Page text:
You'd be forgiven for having that reaction to this photo of the Ames Monument, a pyramid in Wyoming built to commemorate the transcontinental railroad. But that strange, unearthly light is just the beginning of the weirdness on display here.
For the record, that strange light isn't a wormhole opening up over Wyoming - it's just the Moon. But because the image was captured just at the right moment as the Moon was setting, we can see both a bright lunar corona and a halo surrounding it.
This image, created by Colorado State University's Robert Arn, stitches together several different photos taken over the course of one night to create a single, 360-degree landscape. Because the photographs were taken at all different times, the shadows and light levels are weirdly mixed, creating a mosaic that you could never hope to see in real life. Those well-versed in the night sky should also be able to see how the stars are all wrong, with various constellations warped completely out of shape because of the random times at which photographs were taken.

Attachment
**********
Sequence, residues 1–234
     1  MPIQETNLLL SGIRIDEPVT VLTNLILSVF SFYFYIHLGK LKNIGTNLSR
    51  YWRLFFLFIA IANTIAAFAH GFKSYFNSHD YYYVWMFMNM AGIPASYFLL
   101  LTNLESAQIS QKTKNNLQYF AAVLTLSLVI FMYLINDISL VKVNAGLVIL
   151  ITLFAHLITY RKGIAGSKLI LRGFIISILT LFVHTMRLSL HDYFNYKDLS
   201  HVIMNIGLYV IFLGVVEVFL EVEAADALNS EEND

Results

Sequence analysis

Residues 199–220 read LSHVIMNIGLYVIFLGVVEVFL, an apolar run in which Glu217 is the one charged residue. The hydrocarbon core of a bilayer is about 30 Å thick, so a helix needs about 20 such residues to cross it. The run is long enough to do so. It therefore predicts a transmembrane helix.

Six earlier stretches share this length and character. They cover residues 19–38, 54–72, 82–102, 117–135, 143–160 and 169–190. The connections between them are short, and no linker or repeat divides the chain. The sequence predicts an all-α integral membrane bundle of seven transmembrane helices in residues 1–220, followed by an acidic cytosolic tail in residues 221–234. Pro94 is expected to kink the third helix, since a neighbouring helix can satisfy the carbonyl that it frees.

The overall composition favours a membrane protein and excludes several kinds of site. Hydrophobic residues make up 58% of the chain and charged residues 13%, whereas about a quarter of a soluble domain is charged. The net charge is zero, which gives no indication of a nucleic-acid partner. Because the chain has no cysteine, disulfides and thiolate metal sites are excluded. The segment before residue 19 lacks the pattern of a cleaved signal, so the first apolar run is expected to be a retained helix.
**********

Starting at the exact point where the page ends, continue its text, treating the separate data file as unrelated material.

If you look to the right of the image at the Ames Monument, you can see an interesting mixture of scales. All above the Ames Monument is the central band of the Milky Way galaxy, while at its bottom rights are the lights of the city of Cheyenne, creating a cool juxtaposition of the human scale and the cosmic.
Image by Robert Arn.